A new COVID variant is gaining strength, wastewater samples from across the U.S. show
SCOTT SIMON, HOST:
The U.S. is in full-on respiratory virus season. Most of the country is experiencing high or very high respiratory virus levels, according to the centers for Disease Control and Prevention. NPR health correspondent Pien Huang joins us. Pien, thanks so much for being with us.
PIEN HUANG, BYLINE: Thanks for having me.
SIMON: (Imitating coughing) Excuse me. What's out there?
HUANG: Well, there is a lot - a lot of virus out there, Scott. We are, as you mentioned, in the thick of winter respiratory virus season. So there's RSV. There's flu. There's COVID. There's common cold viruses. And they all get a boost during the holidays when people travel and gather. I talked to Amy Kirby, who runs the National Wastewater Surveillance program at CDC, and she says, if you look at the wastewater data, COVID levels right now are even higher than they were last season. But still, she says...
AMY KIRBY: We are still very far below the levels that we were seeing in 2022 with the omicron peak. So we're not looking at that kind of, you know, really massive wave of infections. This is much more on par with what we saw last year.
HUANG: And even though the level of COVID is higher than it was last year at this time, other COVID metrics, like ER visits and hospitalization rates, those are lower this year, the CDC says.
SIMON: Does that mean we're changing what I'll refer to as our relationship with COVID?
HUANG: In some senses, yes. I mean, what it means right now is that COVID infections are causing serious disease less often than they did in previous years. But COVID still is the most serious virus right now. Last week, for instance, it put 35,000 new people in the hospital. At least 1,200 people died from it. And that is a lot more than flu. So far this season, hospital capacity has been generally stable, which is good news because that means that people who need care can generally get it.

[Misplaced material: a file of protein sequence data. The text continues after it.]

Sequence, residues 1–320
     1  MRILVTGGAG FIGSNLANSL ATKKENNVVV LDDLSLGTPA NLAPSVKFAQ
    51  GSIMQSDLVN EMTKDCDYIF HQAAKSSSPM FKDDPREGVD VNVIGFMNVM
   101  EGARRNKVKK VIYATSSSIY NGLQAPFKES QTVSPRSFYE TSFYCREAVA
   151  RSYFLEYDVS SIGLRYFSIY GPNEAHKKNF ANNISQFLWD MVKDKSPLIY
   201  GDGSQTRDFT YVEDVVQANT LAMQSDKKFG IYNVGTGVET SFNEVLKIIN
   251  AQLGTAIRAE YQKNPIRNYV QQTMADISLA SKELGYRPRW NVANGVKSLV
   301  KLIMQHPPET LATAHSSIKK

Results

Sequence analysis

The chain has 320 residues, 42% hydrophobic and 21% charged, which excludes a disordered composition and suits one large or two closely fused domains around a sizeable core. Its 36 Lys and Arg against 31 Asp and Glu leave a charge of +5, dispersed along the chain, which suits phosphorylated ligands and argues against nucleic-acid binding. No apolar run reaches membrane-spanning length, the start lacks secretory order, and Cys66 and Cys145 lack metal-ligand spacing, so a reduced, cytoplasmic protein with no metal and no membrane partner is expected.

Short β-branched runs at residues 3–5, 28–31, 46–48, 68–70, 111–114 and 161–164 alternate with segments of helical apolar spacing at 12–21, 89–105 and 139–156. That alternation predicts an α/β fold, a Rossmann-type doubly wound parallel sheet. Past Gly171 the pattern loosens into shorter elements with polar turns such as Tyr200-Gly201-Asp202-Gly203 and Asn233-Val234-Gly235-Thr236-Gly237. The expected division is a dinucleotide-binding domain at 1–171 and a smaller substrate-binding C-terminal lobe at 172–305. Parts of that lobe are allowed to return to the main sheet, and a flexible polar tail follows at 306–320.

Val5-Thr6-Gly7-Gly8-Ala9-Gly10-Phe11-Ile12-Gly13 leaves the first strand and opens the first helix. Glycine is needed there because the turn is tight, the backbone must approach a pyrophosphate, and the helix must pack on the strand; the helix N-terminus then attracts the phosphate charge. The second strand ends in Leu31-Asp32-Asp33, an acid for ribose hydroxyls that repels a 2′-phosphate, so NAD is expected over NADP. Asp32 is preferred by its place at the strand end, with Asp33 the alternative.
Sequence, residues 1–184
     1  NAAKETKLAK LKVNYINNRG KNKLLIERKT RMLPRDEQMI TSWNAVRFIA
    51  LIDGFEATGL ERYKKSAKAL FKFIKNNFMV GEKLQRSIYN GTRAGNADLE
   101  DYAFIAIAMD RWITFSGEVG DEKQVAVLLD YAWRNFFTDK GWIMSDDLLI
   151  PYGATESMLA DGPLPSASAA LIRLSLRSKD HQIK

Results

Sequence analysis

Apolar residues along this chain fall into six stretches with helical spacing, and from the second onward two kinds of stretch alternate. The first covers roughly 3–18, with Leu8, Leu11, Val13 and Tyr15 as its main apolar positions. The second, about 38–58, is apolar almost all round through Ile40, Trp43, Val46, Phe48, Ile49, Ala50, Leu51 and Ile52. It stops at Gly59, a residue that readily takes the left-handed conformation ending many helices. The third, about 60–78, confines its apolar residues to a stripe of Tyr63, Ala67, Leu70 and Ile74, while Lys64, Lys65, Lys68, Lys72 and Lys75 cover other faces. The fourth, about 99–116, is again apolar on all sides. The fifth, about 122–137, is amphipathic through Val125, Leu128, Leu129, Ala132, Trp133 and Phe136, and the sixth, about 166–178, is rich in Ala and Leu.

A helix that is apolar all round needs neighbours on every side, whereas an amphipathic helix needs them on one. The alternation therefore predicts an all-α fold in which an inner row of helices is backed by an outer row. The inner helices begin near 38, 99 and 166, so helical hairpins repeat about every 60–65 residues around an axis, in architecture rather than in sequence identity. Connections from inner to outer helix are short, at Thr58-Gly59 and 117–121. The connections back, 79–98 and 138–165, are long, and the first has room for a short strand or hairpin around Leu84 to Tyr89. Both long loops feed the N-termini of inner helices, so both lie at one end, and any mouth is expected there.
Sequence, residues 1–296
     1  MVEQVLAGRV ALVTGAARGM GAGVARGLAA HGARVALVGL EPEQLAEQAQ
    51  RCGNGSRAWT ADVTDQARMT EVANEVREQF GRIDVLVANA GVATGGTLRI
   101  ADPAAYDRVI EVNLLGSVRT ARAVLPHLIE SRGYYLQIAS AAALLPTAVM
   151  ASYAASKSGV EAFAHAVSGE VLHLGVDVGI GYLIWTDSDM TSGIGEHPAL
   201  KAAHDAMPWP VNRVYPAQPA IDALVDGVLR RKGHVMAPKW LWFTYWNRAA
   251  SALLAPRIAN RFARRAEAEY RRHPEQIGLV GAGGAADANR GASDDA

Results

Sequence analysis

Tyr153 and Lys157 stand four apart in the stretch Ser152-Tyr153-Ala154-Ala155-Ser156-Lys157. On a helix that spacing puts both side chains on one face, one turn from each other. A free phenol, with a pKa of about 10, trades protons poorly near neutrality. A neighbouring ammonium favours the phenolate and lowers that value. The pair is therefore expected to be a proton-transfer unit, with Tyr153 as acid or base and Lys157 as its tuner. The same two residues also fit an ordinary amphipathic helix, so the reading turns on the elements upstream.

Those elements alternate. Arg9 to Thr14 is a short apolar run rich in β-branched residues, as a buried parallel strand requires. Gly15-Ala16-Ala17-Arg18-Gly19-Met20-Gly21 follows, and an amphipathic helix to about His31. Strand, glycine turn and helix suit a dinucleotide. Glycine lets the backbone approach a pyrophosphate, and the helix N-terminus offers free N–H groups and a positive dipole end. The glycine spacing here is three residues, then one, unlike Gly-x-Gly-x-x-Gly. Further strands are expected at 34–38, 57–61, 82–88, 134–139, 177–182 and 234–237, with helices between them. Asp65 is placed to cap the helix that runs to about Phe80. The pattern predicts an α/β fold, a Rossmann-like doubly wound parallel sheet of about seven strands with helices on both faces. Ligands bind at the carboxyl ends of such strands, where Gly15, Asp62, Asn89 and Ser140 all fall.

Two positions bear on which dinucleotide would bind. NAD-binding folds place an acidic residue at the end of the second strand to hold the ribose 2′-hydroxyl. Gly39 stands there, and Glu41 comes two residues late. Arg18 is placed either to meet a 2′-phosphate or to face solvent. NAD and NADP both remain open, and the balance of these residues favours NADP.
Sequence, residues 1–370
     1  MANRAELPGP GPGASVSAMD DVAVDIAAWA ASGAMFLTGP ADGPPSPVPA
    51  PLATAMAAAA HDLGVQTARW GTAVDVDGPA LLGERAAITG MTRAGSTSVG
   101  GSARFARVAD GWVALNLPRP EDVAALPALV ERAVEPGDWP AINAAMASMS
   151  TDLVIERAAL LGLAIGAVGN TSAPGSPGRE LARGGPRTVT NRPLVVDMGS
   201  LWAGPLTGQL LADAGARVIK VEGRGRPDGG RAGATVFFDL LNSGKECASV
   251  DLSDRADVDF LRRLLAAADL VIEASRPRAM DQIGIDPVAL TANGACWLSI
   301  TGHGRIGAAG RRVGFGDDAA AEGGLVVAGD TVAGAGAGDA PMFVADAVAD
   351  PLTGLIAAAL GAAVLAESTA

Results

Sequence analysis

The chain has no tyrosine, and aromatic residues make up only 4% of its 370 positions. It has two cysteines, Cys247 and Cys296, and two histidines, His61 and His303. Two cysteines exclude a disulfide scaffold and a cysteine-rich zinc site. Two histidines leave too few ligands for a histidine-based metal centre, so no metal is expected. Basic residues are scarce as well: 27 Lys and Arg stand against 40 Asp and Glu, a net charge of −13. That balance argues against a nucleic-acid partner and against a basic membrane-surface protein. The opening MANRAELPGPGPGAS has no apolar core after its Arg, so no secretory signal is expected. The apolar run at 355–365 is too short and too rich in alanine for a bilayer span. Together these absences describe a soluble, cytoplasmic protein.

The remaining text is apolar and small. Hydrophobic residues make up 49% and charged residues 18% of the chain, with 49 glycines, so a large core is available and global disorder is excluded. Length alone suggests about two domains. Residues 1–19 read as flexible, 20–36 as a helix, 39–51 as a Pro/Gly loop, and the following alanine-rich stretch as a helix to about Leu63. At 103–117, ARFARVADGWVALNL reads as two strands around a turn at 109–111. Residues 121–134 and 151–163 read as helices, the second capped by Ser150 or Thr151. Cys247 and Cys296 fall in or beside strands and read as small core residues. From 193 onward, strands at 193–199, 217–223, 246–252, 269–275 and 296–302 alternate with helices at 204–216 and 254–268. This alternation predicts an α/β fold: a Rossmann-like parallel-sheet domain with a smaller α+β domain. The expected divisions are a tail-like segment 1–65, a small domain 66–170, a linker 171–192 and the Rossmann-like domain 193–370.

SIMON: What about the new COVID variants though?
HUANG: OK. So the dominant variant right now is one called JN.1 Here in the U.S., it was first detected in September, and by Thanksgiving it was responsible for around 8% of U.S. cases. Now it's up to 60%. And JN.1 is considered an omicron variant, though there's been some debate over whether it deserves its own Greek letter since it has a lot of genetic differences. But the symptoms are about the same. And the tests, the vaccines and the treatments that we currently have do work against it.
SIMON: What should people be doing now, given all of this?
HUANG: Well, public health officials are really leaning into encouraging people to use the tools we have. So that starts with awareness. You know, there are maps that the CDC and local health departments are putting out that can help people figure out how much virus is circulating where they live, and it's not too late to get vaccinated. You know, half of us adults have not gotten a flu shot this season. Four out of five haven't gotten the COVID booster. And this is especially important for older adults who are at higher risk of dying from these illnesses. And lastly, if you are sick, like a lot of people are right now, the advice is to stay home so you don't spread it on. Get tested in case you qualify for some prescription medications that can help you get better, and to generally just take good care of yourself and the people around you are.
SIMON: Thanks very much. NPR health correspondent Pien Huang.
HUANG: You're welcome, Scott. Transcript provided by NPR, Copyright NPR.
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